3 minute read 18 Jun 2018
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How insurers can adapt to the future of work

By

David Hollander

Former EY Global Insurance Leader

Transformation leader in insurance. Committed to help strategically reshape the industry’s business model for today’s digital age.

3 minute read 18 Jun 2018

Despite the implications of new technology, attracting, leading and retaining the best talent will continue to determine who succeeds.

The work performed by insurance companies is undergoing a radical shift. The convergence of human, technological and market forces will reshape roles and processes from product design and sales, to underwriting and claims, to the back-office functions of finance, actuarial and IT. Here are just a few of the technological changes to expect:

  • Robots and software will assume responsibility for the vast majority of transaction processing and number-crunching in underwriting, claims, finance and other areas.
  • Chatbots enabled by artificial intelligence will handle basic inquiries regarding application or claims status, policy renewal and claims settlements.
  • Sensors connected to the IoT will gather real-time data about environmental conditions, water flows, driving habits and patterns, human activity and heart rates and other data.
  • Drones and satellites will inspect properties and communities — either to assess risk before policies are issued or to evaluate damage after weather events.

Yet despite the transformative technology, human talent will be more important than ever in this new world. In fact, it will be a top priority for senior executives and boards because the ability to attract, lead and retain the best people will determine who survives.

The human workforce will be increasingly focused on maximizing and enhancing the customer experience because there will be fewer human touchpoints overall. Reorienting processes, practices, skills and technology for newly emerging products and customer propositions will be another key priority.

Roles and reporting lines will shift as dynamic and self-managed cross-functional teams become more prevalent. Individual responsibilities will expand, with people flowing across functional lines, and roles will be increasingly filled by contingent, remote and outsourced workers.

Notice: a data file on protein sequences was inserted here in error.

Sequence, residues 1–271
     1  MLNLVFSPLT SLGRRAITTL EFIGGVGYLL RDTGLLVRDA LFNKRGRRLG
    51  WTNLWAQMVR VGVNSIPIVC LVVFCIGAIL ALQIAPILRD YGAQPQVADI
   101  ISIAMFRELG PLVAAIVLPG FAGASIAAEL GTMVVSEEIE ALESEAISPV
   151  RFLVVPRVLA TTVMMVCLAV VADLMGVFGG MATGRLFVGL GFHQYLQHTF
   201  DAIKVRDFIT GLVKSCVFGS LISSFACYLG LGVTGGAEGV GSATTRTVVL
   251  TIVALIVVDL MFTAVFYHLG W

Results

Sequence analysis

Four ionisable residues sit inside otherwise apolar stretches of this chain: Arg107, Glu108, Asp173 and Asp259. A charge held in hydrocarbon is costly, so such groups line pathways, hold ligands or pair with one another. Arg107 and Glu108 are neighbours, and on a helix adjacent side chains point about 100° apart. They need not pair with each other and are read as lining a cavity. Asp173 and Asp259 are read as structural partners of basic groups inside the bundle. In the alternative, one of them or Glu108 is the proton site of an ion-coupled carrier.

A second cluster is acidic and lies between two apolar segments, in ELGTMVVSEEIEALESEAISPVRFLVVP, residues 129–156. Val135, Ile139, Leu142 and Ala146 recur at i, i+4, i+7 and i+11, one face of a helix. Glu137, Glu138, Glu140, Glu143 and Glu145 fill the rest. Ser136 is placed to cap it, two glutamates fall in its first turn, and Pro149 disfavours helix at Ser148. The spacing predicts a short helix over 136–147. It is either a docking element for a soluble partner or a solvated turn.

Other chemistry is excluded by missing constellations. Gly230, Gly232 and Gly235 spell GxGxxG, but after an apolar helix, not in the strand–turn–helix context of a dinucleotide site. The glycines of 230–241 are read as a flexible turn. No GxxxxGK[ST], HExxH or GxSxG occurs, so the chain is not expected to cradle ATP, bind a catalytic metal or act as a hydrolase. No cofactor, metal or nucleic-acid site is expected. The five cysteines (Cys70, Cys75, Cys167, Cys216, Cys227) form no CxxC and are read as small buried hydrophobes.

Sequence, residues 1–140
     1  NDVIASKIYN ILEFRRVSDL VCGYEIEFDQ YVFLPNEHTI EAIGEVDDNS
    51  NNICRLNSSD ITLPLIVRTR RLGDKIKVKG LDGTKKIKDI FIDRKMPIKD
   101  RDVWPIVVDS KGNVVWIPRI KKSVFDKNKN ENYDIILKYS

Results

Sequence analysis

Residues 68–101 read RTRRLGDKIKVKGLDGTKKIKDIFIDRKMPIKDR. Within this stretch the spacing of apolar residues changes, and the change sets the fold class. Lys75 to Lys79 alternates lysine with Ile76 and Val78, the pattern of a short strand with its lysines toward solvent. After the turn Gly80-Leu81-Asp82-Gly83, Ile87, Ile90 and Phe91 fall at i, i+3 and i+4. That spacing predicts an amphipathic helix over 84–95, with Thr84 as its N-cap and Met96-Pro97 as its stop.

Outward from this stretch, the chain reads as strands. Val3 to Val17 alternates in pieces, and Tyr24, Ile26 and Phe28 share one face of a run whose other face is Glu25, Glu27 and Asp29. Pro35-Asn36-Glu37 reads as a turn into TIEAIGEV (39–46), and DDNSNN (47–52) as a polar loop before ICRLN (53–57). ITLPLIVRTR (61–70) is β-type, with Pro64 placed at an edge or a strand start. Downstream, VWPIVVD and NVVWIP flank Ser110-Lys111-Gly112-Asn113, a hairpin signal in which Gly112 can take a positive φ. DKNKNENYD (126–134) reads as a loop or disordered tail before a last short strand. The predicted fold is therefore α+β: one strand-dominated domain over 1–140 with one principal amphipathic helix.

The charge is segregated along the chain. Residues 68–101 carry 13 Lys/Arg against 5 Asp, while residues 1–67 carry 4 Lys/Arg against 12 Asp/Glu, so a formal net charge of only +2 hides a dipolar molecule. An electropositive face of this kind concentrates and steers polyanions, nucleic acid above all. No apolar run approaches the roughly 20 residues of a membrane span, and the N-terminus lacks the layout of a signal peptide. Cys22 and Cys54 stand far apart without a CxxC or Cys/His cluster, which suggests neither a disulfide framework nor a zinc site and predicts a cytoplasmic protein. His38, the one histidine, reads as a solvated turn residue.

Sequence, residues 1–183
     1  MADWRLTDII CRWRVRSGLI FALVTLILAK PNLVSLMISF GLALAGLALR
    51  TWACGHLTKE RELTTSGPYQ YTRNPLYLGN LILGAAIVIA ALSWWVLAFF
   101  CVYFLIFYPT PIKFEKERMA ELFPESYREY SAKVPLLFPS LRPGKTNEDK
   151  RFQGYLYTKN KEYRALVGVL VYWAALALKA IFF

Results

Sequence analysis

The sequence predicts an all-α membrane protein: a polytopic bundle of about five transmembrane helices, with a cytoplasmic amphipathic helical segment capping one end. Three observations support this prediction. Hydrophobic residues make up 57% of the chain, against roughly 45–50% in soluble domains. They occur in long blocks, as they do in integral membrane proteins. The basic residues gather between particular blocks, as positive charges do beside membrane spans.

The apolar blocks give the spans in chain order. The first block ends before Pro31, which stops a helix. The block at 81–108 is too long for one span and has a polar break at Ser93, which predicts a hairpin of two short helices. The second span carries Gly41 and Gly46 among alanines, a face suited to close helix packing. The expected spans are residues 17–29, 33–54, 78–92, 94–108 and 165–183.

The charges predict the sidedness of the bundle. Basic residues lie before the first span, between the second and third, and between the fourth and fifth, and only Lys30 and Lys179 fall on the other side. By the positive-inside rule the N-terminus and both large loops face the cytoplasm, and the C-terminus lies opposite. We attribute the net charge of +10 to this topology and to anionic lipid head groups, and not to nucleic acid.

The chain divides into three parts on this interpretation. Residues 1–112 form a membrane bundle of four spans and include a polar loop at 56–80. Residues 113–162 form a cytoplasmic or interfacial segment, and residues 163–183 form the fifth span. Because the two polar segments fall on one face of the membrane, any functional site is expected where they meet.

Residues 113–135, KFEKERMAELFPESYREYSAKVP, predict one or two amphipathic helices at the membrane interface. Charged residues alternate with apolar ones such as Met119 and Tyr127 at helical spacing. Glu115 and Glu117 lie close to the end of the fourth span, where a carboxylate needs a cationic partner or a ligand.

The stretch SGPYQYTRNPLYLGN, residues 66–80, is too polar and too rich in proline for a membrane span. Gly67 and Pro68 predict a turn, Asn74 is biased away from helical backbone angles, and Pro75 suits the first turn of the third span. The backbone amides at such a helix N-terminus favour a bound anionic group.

Four traits that encourage survival — and success

Many companies have established innovation units and alliances with InsurTechs to get ahead of the curve. These are worthwhile steps but are not sufficient by themselves to prepare for the future. Insurers must develop all of the following:

  1.  Clear vision of how future work will be performed
    Automation will be a top priority. Initial investments must be accelerated and expanded, with human resources focusing on higher-value tasks related to new product design, analysis of customer behavior, upsell and cross-sell opportunities, and anomalous or high-risk claims.
  2.  Framework for making strategic choices
    The most important step is to prioritize investments based on their ability to activate the company’s purpose, deliver immediate returns and promote sustainable growth. Senior leaders must have the tools and data to make the right choices because they can’t invest in everything at once.
  3.  Deep capabilities in talent development
    Recruiting and retention of high-potential staff, more effective training and human capital management should be high-priority investments as people are a key source of competitive advantage. Though there will be fewer workers, the remaining high-capacity or high-capability employees will be in high demand. Employee experience will become a key part of operational strategy.
  4.  Culture that inspires and enables innovation
    Significant organizational change will be required to instill a “disrupter” culture capable of adapting to constant change. Senior leaders will be expected to inspire more creativity, raise comfort levels with risk-taking and cultivate a “first-mover” mindset among their teams.

Summary

Human talent will be more important than ever in the new world of insurance work. These workers will primarily focus on maximizing and enhancing the customer experience, as overall there will be fewer human touchpoints.

About this article

By

David Hollander

Former EY Global Insurance Leader

Transformation leader in insurance. Committed to help strategically reshape the industry’s business model for today’s digital age.